00:22 GMT28 September 2020
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    Two Pentagon-sponsored pieces of research have reported China as a growing threat to US defense, targeting the country's national security through the supply of materials and new informational warfare capabilities.

    A 150-page report, seen by Reuters on Thursday a day before its official publication, revealed there are about 300 vulnerabilities that could affect components and materials essential to the US military and recommended direct investment in critical sectors of American industry. The specific plans were listed in an appendix that remains classified.

    READ MORE: Ex-EU Adviser: Gravity of US Charges Against China Not Matched by Details

    China was listed as the country dominating the global supply of rare earth minerals critical for US military applications, as well as electronics and chemicals used in US munitions.

    “A key finding of this report is that China represents a significant and growing risk to the supply of materials and technologies deemed strategic and critical to US national security,” the report said.

    The report noted that 90% of the world’s printed circuit boards are produced in Asia, with over half produced in China alone, making it possible for Beijing to cut off the supply of the materials or to sabotage the technology. 

    “With the migration of advanced board manufacturing offshore, (the Department of Defense) risks losing visibility into the manufacturing provenance of its products,” the report said, noting that the Pentagon has been cautious about “kill switches” in transistors that could turn off sensitive US systems during conflicts, and “‘Trojan’ chips and viruses infiltrating US defense systems.” It had also discussed "unfair and unlawful Chinese efforts to undermine US industry" through a host of strategies, including by subsidizing exports at artificially low prices and stealing US technology.

    The report also examined the US shortcomings that contributed to the weakening of domestic industry, including roller-coaster US defense budgets and lack of proper science and technology education.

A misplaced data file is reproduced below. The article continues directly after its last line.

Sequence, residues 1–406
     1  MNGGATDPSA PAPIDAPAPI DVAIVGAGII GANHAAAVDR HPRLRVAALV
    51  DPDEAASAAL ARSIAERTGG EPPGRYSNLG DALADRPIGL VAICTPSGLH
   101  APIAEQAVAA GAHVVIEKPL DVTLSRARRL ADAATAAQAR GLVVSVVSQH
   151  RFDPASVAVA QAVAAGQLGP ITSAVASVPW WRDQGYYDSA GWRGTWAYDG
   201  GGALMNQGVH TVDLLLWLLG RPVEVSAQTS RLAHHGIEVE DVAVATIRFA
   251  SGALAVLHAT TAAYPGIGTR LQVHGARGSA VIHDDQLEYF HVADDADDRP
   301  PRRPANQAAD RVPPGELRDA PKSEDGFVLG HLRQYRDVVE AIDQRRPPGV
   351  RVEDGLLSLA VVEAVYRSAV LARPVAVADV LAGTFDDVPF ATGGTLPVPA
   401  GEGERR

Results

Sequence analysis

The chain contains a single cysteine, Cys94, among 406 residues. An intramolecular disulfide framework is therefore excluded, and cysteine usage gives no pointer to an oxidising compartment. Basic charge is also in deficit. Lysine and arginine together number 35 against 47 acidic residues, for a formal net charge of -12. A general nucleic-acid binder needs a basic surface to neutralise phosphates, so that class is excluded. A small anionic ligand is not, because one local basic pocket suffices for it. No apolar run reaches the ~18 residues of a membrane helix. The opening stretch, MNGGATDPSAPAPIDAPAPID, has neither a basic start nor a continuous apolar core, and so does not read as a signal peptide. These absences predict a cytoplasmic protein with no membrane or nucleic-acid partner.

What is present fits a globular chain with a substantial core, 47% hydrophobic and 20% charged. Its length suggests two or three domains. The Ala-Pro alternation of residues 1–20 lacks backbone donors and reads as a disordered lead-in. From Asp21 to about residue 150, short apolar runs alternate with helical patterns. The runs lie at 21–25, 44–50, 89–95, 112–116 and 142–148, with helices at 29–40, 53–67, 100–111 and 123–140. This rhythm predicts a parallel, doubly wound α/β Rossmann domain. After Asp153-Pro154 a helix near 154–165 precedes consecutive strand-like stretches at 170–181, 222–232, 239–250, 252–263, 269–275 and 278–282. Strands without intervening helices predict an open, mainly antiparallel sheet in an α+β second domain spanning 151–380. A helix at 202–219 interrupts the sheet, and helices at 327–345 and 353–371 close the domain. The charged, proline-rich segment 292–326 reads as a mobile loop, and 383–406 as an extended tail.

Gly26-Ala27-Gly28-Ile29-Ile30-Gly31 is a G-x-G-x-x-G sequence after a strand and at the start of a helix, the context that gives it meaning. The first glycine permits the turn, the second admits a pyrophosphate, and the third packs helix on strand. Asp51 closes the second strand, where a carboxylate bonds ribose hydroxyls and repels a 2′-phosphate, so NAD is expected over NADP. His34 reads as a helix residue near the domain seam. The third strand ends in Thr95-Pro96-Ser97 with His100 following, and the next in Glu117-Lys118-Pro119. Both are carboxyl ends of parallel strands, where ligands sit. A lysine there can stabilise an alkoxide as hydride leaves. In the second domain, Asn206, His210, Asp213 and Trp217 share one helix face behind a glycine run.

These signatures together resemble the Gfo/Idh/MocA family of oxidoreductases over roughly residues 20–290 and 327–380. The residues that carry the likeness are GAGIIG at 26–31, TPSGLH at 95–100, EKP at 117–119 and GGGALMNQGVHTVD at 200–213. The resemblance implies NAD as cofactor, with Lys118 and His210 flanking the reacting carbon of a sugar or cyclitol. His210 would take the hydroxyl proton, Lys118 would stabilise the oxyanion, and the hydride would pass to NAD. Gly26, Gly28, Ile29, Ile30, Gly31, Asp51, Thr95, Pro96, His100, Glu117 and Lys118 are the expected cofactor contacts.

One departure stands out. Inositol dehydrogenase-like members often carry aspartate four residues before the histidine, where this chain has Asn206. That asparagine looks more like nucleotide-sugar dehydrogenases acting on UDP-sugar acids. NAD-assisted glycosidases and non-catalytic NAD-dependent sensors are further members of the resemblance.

“There have just been market failures here. And so we can create new incentives to drive investment in areas to help diversify ourselves,” said Eric Chewning, a deputy assistant secretary of defense who oversees industrial base policy.

    Another report, cited by the Washington Free Beacon and released this week by the National Defense University talks about China’s new Strategic Support Force. The force, according to the report, combined several People's Liberation Army (PLA) advanced warfare and intelligence capabilities into a single unit in order to achieve a combined space, cyber, information warfare capabilities and intelligence and espionage forces.

    The 84-page report, co-authored by former National Security Agency China specialist John Costello and cybersecurity expert Joe McReynolds, calls the new Chinese unit the Strategic Support Force (SSF) and says that it “views cyber, electronic, and psychological warfare as interconnected subcomponents of information warfare writ large.” 

    The study suggests that the SSF would seek “the power to control perceptions and shape narratives that advance Chinese interests and undermine those of an opponent.”

    Both reports followed Vice President Mike Pence’s accusations against China on Thursday that Beijing was trying to undermine US President Donald Trump ahead of the midterm elections on November 6 by, “meddling in America’s democracy.” China has denied the allegations.


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    defence sector, National Security, Warfare, cybersecurity, threat, industry, Pentagon, Mike Pence, China, United States
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